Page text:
The Game Before the Money Podcast discusses how the Columbia University football team helped with the Manhattan Project — in Episode 31 of the football history podcast.
The Manhattan Project was Secretive
The Manhattan Project was very secretive. There is not that much information about it. But it turns out that the Columbia football team was involved in the Manhattan Project without knowing it. I learned this from a story published in the New York Times in late January of 1954 (article here – subscription required).
The article summarized an annual meeting of the American Physical Society, which is still a major organization with an estimated fifty thousand members.
Enrico Fermi, one of the leading scientists on the Manhattan Project, spoke at the event. He revealed for the first time that Columbia’s football team assisted in building the world’s first nuclear reactors without knowing it. Fermi called the team the “bricklayers of the early models of nuclear reactors.”
How Columbia Football was Involved
The scientists performed a lot of early experiments at Columbia University. Fermi needed large blocks of graphite and uranium. The blocks weighed between 50 and 100 pounds each. Literally tons of it had to be moved and stacked together.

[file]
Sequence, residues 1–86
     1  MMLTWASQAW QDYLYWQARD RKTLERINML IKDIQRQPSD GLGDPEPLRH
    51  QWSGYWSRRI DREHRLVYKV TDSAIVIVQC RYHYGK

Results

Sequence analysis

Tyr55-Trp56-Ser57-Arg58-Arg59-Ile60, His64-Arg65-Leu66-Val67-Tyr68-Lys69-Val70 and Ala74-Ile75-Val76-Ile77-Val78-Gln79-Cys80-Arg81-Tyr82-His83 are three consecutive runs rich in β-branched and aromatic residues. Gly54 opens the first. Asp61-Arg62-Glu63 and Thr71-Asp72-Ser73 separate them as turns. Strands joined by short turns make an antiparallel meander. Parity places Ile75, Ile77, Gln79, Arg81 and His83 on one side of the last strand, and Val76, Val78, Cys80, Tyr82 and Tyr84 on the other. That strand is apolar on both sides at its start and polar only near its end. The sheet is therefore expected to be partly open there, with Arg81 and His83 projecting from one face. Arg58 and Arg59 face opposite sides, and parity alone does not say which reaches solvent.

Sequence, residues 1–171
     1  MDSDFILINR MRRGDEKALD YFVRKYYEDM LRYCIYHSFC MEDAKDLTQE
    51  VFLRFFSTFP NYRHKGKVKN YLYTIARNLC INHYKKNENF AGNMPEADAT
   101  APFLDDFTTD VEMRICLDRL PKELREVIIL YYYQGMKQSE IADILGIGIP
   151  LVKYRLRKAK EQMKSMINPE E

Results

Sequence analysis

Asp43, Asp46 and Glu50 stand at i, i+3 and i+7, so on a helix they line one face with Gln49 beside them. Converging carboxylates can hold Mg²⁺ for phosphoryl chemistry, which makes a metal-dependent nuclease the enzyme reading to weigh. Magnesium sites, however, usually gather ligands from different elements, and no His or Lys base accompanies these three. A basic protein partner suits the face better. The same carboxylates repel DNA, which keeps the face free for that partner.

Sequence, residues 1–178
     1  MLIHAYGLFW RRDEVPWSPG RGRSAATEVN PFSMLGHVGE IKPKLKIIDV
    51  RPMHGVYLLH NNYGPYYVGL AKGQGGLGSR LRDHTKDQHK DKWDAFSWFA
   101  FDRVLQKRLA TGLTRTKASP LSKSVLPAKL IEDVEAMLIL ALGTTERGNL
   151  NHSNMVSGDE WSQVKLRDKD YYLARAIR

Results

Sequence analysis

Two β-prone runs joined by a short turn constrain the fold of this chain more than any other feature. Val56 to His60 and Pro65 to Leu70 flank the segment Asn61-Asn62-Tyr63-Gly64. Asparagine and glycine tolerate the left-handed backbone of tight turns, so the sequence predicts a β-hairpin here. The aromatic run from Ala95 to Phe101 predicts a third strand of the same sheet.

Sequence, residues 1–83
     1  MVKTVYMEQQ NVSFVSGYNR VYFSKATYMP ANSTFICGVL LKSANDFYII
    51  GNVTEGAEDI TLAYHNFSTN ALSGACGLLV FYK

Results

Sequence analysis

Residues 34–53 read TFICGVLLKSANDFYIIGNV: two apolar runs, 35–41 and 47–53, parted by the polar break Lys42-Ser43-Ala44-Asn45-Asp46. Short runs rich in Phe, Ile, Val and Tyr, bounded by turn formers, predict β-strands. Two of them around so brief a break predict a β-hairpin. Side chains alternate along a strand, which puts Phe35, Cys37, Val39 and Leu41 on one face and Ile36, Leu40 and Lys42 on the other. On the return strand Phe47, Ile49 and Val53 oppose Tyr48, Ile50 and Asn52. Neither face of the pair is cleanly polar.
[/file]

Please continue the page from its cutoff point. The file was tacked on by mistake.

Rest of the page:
Most physicists aren’t noted for their imposing size. The few scientists that worked on the project started moving the graphite and canisters of uranium but were exhausted and caked in graphite. They weren’t exactly in a frame of mind to tackle complex quantum physics equations after an hour of that. So the Dean of Columbia’s physics department came up with the idea of hiring football players to do the work.
Unknowingly Assisting in the Atomic Bomb
The players were paid an hourly wage to move the graphite and uranium and properly place them inside the reactors.
A 1993 article in the Columbia Spectator quoted Fermi as saying, “What a pleasure to direct the work of these husky boys canning uranium and just shoving it in, handling fifty to one hundred pounds with the same ease as another person would have handled three or four pounds.”
Handling uranium is not really the safest thing to be doing. You talk about the physical dangers of football, they pale in comparison to the physical dangers of handling uranium. But of course, this was in 1939, 1940, and 1941. So it was long before people knew about the dangerous effects of radiation. Because of the super top-secret nature of the experiments, the players didn’t know what they were moving or why they were doing it.
In reality, they assisted in building the world’s first atomic reactor models used in nuclear chain reaction experiments, eventually leading to the atomic bomb.
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